• make an opening in the middle of the frying pan, add a table spoon of oil, and crack the egg
  • add a squirt of soya sauce on egg, then stir like mad
  • add scallions last

Salt is not needed since belacan provides the necessary saltiness to the rice already. The result is two servings of really spicy, fragrant, and rather delicious old school sambal belacan fried rice. Sambal took about 30 minutes to prepare, and fried rice another 15 minutes or so.

Of course, we made more than enough sambal for just cooking fried rice, the actual main intention was to use it as condiment for tau eu bak (braised pork belly with soya sauce), which will be the next recipe I publish here.

Thinking of an economical tai chau (大炒, made to order Chinese dishes, served with rice) for dinner, we ended up at Ming Heong (明香). This busy little corner is actually just an outdoor stall by the roadside right next to Giant hypermart at Taman Paramount in Petaling Jaya.

Ming Heong at Taman Paramount
excellent kangkong belacan

If you can read in Chinese, ordering will be easy enough. At Ming Heong, they have the menu (only in Chinese) on a big board hanging underneath a bright florescence light. For the three of us, we ordered a bowl of watercress soup (西洋菜汤), a plate of kangkong belacan (马来风光), sweet and sour pork (咕噜肉), and clay pot tofu (砂煲豆腐).

Ming Heong at Taman Paramount
one menu to rule them all

As the place was still not very busy since it was only around 7pm, we got our food within 10 minutes. The servings were a little smaller than other places, but that fits just nice as there were only three of us for the four dishes.

The dishes were surprisingly good. The sweet and sour pork prepared the traditional way and not with ketchup, hence the brownish color of the sauce instead of the more familiar reddish tone. It was perhaps not as visually appealing, but has a more original taste to it. The clay pot tofu was packed with meat, green bean, sliced carrot, onion, two types of mushroom, egg, shrimp, and of course, some very smooth tofu. The base, sweet with the taste of meat as well as seafood; and the myriad of ingredients complimented the tofu nicely.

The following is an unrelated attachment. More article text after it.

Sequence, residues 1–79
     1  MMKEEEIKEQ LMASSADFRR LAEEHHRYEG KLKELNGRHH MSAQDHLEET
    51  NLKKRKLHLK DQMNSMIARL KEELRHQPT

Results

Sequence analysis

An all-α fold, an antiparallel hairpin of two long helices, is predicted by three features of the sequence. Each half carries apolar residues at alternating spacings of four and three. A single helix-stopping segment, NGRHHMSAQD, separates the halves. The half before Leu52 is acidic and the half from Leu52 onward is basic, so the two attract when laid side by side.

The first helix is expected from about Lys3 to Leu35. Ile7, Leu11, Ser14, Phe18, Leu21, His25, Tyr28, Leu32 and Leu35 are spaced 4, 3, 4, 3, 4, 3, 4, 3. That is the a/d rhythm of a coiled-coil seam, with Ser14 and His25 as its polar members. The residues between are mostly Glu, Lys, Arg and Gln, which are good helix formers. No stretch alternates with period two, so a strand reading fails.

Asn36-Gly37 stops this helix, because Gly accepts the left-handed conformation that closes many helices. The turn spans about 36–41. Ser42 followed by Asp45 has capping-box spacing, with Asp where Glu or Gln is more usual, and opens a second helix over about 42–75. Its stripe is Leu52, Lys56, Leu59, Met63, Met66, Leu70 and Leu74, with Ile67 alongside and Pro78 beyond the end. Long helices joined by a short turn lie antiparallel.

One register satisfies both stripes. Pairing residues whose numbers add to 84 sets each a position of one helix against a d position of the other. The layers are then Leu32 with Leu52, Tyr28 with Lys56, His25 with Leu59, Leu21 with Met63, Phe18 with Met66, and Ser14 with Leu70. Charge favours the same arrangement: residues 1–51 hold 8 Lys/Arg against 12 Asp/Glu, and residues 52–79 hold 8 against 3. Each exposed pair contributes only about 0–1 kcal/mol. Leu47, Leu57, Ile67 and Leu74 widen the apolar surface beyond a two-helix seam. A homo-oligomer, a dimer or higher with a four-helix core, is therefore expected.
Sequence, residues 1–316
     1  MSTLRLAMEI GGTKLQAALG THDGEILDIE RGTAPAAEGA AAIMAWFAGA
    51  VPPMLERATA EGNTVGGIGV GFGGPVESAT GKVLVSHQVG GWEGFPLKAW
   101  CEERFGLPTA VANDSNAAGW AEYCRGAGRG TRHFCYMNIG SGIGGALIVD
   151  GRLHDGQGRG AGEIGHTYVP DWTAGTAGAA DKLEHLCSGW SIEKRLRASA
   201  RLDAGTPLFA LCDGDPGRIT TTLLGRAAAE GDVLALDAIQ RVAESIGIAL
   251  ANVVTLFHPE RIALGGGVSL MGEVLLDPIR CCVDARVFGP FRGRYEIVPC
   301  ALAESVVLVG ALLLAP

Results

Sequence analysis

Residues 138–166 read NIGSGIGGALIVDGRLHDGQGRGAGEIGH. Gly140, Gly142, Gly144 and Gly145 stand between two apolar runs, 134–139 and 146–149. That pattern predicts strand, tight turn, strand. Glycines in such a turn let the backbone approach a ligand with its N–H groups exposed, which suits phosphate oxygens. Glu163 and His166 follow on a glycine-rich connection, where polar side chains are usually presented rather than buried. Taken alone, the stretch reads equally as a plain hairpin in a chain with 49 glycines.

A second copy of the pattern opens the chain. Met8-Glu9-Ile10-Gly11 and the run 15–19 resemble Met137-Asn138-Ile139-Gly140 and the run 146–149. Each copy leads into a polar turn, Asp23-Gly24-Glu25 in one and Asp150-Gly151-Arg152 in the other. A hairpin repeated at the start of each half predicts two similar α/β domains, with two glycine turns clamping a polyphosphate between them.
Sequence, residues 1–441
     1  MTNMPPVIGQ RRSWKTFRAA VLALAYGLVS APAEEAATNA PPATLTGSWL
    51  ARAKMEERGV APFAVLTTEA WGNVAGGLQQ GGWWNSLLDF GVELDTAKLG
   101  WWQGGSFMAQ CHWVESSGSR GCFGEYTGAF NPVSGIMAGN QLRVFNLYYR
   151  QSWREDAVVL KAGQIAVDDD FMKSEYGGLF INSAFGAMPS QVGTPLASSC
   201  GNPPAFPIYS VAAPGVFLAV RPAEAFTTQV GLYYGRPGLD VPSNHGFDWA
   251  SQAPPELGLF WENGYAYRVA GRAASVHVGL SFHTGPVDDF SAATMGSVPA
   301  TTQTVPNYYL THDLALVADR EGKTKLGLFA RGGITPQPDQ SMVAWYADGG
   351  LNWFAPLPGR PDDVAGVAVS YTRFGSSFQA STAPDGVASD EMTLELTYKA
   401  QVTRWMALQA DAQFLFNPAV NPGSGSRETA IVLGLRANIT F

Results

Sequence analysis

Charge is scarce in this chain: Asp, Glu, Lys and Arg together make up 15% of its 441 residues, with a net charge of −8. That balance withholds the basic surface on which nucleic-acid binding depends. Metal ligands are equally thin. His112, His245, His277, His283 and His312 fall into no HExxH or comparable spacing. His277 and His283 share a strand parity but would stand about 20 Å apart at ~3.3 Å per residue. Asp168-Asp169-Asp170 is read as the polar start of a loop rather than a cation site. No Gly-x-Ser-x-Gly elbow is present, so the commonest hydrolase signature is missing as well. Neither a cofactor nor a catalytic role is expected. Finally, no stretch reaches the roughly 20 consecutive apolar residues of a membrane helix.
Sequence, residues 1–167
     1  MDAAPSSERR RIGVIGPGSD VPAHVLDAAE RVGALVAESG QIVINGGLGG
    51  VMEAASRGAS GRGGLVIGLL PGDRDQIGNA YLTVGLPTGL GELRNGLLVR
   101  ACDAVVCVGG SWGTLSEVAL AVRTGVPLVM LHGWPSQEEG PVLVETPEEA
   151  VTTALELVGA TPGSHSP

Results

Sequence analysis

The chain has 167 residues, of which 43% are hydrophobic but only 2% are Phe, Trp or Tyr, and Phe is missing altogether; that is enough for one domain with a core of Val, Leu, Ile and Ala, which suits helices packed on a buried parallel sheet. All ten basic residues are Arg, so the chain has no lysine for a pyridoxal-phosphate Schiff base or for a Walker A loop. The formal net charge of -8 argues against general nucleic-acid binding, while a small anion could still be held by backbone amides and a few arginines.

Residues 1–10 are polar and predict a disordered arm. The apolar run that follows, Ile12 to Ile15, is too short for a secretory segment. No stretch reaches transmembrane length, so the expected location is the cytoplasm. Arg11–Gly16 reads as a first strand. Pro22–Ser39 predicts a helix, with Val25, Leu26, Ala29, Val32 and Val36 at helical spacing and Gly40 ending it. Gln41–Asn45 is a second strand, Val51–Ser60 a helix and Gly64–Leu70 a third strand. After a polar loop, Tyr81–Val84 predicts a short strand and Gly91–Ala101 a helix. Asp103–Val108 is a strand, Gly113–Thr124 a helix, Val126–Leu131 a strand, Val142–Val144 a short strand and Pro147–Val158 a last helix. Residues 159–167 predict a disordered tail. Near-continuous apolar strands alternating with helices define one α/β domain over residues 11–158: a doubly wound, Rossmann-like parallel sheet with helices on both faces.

Ming Heong at Taman Paramount
tofu, soup, meat, vegetable, we have it all convered

The watercress soup came in one of those steamed soup servings. Prepared in advance and kept in the steamer, it was well cooked and didn’t disappoint. The best dish of the night, though, was the kangkong. A simple dish with the vegetable fried alongside red chili, garlic, dried shrimp, and oil turned out to be done with the perfect taste and texture. It was easily one of the best kangkong belacan dishes I’ve had for a long time. Best of all, it didn’t even need to be overly spicy to be good.

Ming Heong at Taman Paramount
Ming Heong is situated just by Giant at Paramount

The dinner was an economical RM 13.00 per person. Four dishes, a very good value. Ming Heong only opens for dinner, and I would recommend that you go there on a non-rainy night.

Jalan 20/22,
Taman Paramount, PJ,

GPS: 3.106995, 101.624190